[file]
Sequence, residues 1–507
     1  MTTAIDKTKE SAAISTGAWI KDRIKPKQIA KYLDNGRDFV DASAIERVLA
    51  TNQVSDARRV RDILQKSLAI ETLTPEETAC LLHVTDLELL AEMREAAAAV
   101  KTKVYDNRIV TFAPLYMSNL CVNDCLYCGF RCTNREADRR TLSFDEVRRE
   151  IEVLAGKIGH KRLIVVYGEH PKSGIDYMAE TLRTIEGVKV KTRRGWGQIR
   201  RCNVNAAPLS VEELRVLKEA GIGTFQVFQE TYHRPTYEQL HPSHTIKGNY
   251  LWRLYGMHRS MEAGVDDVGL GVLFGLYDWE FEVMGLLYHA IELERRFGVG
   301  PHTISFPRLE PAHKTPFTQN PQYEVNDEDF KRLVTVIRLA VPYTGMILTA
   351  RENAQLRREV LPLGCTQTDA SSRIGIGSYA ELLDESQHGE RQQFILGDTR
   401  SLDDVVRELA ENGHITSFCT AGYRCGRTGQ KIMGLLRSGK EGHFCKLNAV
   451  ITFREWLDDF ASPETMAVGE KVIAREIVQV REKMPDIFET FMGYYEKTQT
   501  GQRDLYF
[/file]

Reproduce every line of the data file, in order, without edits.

Sequence, residues 1–507
     1  MTTAIDKTKE SAAISTGAWI KDRIKPKQIA KYLDNGRDFV DASAIERVLA
    51  TNQVSDARRV RDILQKSLAI ETLTPEETAC LLHVTDLELL AEMREAAAAV
   101  KTKVYDNRIV TFAPLYMSNL CVNDCLYCGF RCTNREADRR TLSFDEVRRE
   151  IEVLAGKIGH KRLIVVYGEH PKSGIDYMAE TLRTIEGVKV KTRRGWGQIR
   201  RCNVNAAPLS VEELRVLKEA GIGTFQVFQE TYHRPTYEQL HPSHTIKGNY
   251  LWRLYGMHRS MEAGVDDVGL GVLFGLYDWE FEVMGLLYHA IELERRFGVG
   301  PHTISFPRLE PAHKTPFTQN PQYEVNDEDF KRLVTVIRLA VPYTGMILTA
   351  RENAQLRREV LPLGCTQTDA SSRIGIGSYA ELLDESQHGE RQQFILGDTR
   401  SLDDVVRELA ENGHITSFCT AGYRCGRTGQ KIMGLLRSGK EGHFCKLNAV
   451  ITFREWLDDF ASPETMAVGE KVIAREIVQV REKMPDIFET FMGYYEKTQT
   501  GQRDLYF